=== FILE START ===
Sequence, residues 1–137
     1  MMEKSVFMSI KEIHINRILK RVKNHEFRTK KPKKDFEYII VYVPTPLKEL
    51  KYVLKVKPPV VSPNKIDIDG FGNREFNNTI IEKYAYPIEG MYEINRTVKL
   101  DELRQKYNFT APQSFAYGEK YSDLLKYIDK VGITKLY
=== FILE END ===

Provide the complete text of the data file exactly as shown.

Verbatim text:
Sequence, residues 1–137
     1  MMEKSVFMSI KEIHINRILK RVKNHEFRTK KPKKDFEYII VYVPTPLKEL
    51  KYVLKVKPPV VSPNKIDIDG FGNREFNNTI IEKYAYPIEG MYEINRTVKL
   101  DELRQKYNFT APQSFAYGEK YSDLLKYIDK VGITKLY